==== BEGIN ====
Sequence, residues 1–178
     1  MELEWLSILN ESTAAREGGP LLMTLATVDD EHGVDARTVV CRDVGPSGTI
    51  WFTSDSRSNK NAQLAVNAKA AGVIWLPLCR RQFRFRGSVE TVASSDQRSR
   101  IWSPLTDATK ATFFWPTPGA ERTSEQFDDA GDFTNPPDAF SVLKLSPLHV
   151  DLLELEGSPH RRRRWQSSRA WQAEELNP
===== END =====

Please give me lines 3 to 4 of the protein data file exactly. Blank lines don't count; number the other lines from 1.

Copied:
    51  WFTSDSRSNK NAQLAVNAKA AGVIWLPLCR RQFRFRGSVE TVASSDQRSR
   101  IWSPLTDATK ATFFWPTPGA ERTSEQFDDA GDFTNPPDAF SVLKLSPLHV